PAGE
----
4694361 xsmall How to Write B2B Email Subject Lines that Get Your Messages Opened Email subject lines are often an afterthought.

After preparing your email’s content, you might only have a few seconds to dash off a quick subject line and send out your email. However, since the best B2B customers often come from in-house email lists, you should spend more time crafting subject lines that get readers to open your emails.

Plus, competition for your customers’ attention is fierce. Dan Zarrella’s The Science of Marketing: When to Tweet, What to Post, How to Blog, and Other Proven Strategies revealed that 88% of respondents no longer separate their work and personal inboxes. This means that “Your e-mail messages are appearing alongside not only other work-related information but a variety of more entertaining social e-mails as well. You are not competing against only other communications professionals trying to sell products or services; you’re also competing against friends and family.”

With this in mind, here are five ways you can improve your B2B email subject lines to increase your open rates:

1. State the benefit of reading the email.

One of the keys to writing any kind of marketing copy is showing the reader the benefits of your offer. This is especially true for email subject lines, where you only have a few seconds and words to convince someone to open your email.

When you write subject lines, think of your email’s content as your offer. Your subject line should explain its benefits. For example, will readers gain access to new research that will help them drive more business? Will they learn something valuable in a how-to article? Will they receive a special discount?

If you’re promoting a product in your email, don’t make the mistake that many B2B marketers do and focus on your product’s features. Instead, list one or two of your product’s major benefits in the subject line. For example, a reader may not initially care if your landing page software has a new-and-improved user-friendly interface. However, you’ll get their attention if you mention increased conversions and sales.

2. Use these top-performing words in your subject line.

Adestra recently published a “B2B Subject Line Analysis”, which looked at over one billion B2B emails to determine which subject lines performed the best. Words showing that the email contained newsworthy or exclusive content – such as “alert”, “news” and “breaking” – performed well. However, the term “newsletter” did not result in many opens. To increase your open rates, you may want to call your “newsletter” your “news”.

When it comes to the type of content in B2B emails, words that show business benefits, such as “money”, “revenue” and “profit” performed well. Meanwhile, words related to just about any kind of B2B event – from webinars to conferences – did not lead to many opens. If you’re promoting an event, try subject lines that explain the benefits of attending the event, such as how applying what you learn at a conference can boost your revenue.

The report also stressed the importance of using “industry-specific terminology to really get into the psyche of your recipients. Consider switching out of trite, overused terms and testing out some long tail terms. You can find the optimal words by enacting an intelligent split testing methodology. Start by assessing the real benefit to the reader and lead with that in your subject line.”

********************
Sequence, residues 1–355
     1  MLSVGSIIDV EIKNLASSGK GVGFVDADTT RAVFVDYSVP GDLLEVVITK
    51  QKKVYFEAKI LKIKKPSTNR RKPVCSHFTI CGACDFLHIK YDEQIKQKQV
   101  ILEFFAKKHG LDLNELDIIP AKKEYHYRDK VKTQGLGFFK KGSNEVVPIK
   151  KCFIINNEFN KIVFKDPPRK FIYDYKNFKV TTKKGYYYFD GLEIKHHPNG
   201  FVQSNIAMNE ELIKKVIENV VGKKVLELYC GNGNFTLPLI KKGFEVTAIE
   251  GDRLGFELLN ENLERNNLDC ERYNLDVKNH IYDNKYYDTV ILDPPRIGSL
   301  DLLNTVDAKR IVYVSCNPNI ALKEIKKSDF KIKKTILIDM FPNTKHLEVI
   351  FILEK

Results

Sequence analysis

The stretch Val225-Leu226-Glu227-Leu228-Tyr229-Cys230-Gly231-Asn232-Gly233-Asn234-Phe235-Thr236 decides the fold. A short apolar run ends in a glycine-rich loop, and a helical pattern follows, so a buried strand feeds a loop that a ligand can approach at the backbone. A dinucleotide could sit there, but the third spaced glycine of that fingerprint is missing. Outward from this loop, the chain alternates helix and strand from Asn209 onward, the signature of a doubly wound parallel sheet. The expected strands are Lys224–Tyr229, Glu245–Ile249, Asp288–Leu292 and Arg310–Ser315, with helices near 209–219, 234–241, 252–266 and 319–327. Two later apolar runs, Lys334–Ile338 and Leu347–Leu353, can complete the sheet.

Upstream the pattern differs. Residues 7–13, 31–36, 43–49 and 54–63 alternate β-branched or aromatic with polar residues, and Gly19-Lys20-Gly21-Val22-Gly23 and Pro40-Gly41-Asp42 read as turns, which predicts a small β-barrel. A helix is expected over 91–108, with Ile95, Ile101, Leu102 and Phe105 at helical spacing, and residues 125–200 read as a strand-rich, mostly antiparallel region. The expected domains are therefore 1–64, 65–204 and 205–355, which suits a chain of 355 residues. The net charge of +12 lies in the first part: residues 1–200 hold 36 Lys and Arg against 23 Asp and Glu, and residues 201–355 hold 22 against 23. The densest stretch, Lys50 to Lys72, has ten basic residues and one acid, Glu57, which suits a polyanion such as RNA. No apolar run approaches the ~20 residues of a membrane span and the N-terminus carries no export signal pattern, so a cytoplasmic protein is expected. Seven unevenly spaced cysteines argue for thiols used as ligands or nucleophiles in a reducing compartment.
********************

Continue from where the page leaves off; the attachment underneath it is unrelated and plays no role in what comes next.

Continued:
3. Drop the jargon … and the manners.

According to The Science of Marketing: When to Tweet, What to Post, How to Blog, and Other Proven Strategies, email subject lines containing words such as “please” and “thanks” didn’t perform well. This suggests that readers don’t want to be asked to do something. Hold off on the ask until you provide them with something of value first.

Business jargon such as “administration”, “evaluation” and “implementing” also appeared in the book’s list of least-clicked words. While these words rarely make it into everyday speech, they seem to appear everywhere in B2B content. To increase your open rates, use conversational English.

4. Consider how your emails will display on mobile devices.

According to Marketo, 64% of B2B decision makers read email on their mobile devices. As this percentage increases, it will become even more critical to format your subject lines for mobile devices. For example, many mobile devices will display between 30 and 60 characters in an email subject line before cutting off the rest of the text. If possible, keep your subject lines under this length. If this is not possible, then put the most important information in your subject line up front, so mobile customers will see it and be intrigued.

5. Use personalization.

Studies have shown that including the reader’s first name in the subject line will increase your open rates. However, most B2B customers are aware that a software program inserted their name into a bulk message.

It’s more important that your readers have a relationship with the person who is sending the email. If possible, include the name of the reader’s account or sales representative in the “from” line – even if a marketing automation program is sending the email. This will increase your open rates.

And finally, be sure to test your subject lines to see which ones perform the best. Just because something performs well or badly in a study doesn’t mean you’ll have the same results.

What about you? What do you like to see in a B2B email subject line? Feel free to share your thoughts below.